As adults who read and consider it fun, insightful, a way to relax, or a way to learn new and interesting things, it’s easy to take it for granted. It almost seems to come naturally, as if we’ve been doing it forever. Often, it’s easy to forget that reading and literacy has a starting point, one that usually comes in early childhood, when we’re exposed to all manner of books, from the classic picture book, to the heavier fare in the rhymes of Dr. Seuss. When we look at what encouraged us to become literate grown-ups, we can impart our experience and love of words on our children.
How young? As young as possible. There really isn’t a “wrong” time to start. There are books designed to be grasped by the smallest of hands, to be gnawed on, and to take to take abuse from little ones. And don’t forget it’s not always about the story, the words, the colors, or pictures. It’s about interactivity, both the parent/child relationship and learning about their environment. Many books for the youngest children focus on textures, color, shapes (both geometric and the shapes of letters) and occasionally, sound. In most cases, that’s really all a child can interpret and for a very young age, that’s a perfect start.
Focus on the visual experience
As they get a little older, the visual experience will become more meaningful. With guidance, they’ll begin to understand and grasp what they’re seeing on the pages. Over time that visual experience will help in transitioning to words. Visual books, such as picture and pop-up books, draw them in, capture their attention and imagination.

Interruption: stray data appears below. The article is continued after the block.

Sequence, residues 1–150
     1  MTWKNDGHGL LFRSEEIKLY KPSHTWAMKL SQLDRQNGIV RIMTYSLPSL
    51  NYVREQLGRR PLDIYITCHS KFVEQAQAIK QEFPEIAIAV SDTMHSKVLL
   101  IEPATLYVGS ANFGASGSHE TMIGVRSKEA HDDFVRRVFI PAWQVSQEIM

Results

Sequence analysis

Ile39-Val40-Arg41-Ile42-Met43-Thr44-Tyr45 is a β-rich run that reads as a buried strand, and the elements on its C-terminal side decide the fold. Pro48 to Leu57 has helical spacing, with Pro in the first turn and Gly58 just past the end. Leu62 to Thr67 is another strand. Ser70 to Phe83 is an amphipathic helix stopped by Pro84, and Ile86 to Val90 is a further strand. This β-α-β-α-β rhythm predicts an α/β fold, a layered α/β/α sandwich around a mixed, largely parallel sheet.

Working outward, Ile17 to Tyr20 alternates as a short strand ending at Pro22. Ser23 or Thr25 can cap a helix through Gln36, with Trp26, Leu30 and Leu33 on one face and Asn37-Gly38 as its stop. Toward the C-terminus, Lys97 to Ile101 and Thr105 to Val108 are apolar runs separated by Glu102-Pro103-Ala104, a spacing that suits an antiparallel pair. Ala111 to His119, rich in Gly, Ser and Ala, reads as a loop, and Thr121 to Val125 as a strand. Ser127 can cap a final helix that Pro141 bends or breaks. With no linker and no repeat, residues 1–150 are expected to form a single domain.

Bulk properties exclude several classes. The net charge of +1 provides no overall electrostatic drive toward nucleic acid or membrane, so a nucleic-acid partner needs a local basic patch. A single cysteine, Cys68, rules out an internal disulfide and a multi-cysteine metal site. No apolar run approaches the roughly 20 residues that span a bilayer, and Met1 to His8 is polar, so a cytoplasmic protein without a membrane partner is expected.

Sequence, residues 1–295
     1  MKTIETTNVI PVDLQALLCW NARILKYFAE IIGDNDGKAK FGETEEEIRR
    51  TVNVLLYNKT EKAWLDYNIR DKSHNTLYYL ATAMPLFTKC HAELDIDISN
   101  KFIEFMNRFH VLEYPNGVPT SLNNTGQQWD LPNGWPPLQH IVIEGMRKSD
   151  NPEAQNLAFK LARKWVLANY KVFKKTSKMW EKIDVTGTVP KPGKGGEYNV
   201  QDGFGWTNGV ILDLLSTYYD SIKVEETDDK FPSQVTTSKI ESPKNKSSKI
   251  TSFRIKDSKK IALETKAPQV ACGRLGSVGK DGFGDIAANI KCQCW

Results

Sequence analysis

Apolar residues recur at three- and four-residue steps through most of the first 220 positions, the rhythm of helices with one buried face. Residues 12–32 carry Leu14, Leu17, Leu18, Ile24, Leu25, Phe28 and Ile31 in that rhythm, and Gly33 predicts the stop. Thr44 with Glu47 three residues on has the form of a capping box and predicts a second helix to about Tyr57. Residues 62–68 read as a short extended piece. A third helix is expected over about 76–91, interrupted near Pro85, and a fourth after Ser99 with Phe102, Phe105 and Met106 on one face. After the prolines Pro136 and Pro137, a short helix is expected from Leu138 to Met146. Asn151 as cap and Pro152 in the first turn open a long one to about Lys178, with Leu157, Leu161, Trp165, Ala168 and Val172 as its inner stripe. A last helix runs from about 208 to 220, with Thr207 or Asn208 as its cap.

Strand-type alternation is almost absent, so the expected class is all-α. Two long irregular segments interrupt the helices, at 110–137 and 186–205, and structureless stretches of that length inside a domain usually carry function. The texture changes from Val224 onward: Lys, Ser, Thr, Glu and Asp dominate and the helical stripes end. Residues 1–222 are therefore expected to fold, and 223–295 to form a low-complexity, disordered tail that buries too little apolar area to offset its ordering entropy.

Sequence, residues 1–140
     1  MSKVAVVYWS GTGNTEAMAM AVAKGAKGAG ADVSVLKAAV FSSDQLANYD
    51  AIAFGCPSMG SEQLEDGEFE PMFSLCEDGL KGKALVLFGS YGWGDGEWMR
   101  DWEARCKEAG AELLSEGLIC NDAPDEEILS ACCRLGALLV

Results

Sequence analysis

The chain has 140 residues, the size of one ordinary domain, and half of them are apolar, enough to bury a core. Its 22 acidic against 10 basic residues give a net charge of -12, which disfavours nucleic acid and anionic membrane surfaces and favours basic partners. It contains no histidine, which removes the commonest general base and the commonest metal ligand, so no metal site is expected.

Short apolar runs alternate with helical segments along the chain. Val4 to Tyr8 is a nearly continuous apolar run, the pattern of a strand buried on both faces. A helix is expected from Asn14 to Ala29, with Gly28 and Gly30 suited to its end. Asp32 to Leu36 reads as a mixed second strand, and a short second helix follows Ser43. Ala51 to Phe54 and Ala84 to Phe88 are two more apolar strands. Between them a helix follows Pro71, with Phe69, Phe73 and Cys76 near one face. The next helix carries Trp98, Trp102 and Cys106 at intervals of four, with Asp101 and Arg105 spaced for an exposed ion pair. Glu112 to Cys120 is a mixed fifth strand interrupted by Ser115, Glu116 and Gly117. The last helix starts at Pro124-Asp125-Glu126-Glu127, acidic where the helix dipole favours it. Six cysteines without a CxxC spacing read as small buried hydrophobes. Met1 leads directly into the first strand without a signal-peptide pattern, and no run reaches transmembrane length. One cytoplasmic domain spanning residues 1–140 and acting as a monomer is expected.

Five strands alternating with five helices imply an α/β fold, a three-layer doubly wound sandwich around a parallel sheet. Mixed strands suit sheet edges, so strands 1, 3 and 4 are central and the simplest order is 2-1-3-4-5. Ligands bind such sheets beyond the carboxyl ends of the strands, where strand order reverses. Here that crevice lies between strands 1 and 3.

Give them a bookshelf
Or better yet, give them an entire bookcase. Make it accessible and encourage exploration. Let it be their space, but also show them how to care for their books. Not only will they learn that any time (well, almost any time) can be reading time, but it’s also a great time to teach organization. Perhaps the books are organized in alphabetical order.
Repetition, rhyme, and rhythm
There is always that one book, maybe two, which children have a habit of going back to again and again. And again. But it’s critical in their development. Repetition allows words and images to set in their minds, as does rhyme and rhythm. These are fundamentals that go back to the origins of human literacy, representing thousands of years of tried and true practices.
Make it an interactive experience
To reiterate an earlier idea, let the reading experience be a back and forth, a dialog. Ask your child questions about the story and have your child ask question in return. Make discoveries, learn, and teach. Let the act of reading flourish into other activities, such as art projects and games.
And most importantly… Read with your child
Yes, this is constantly reiterated, it’s essentially common knowledge that reading to your child will foster literacy, and expanded vocabulary, and an interest in reading as they grow. It’s worth repeating. We live in an era of distractions. Smartphones, tablets, laptops, and the list goes on. It’s easy to bemoan all the current distraction kids endure in their daily lives and forget about our own. It’s critical as parents to take the time to be with our kids, to sit down, to slow down, and to read with them. Not to them, or at them. While a classroom is an excellent place to promote literacy, a place to hone, supplement, and expand their skills, literacy ultimately begins at home.
About the Author
Elaine Wynn is a former grade school teacher and mother of 3. Since taking time off to raise her family, she remains dedicated to education as a supporter of both literacy and the arts and has recently taken an interest in personalized books for children.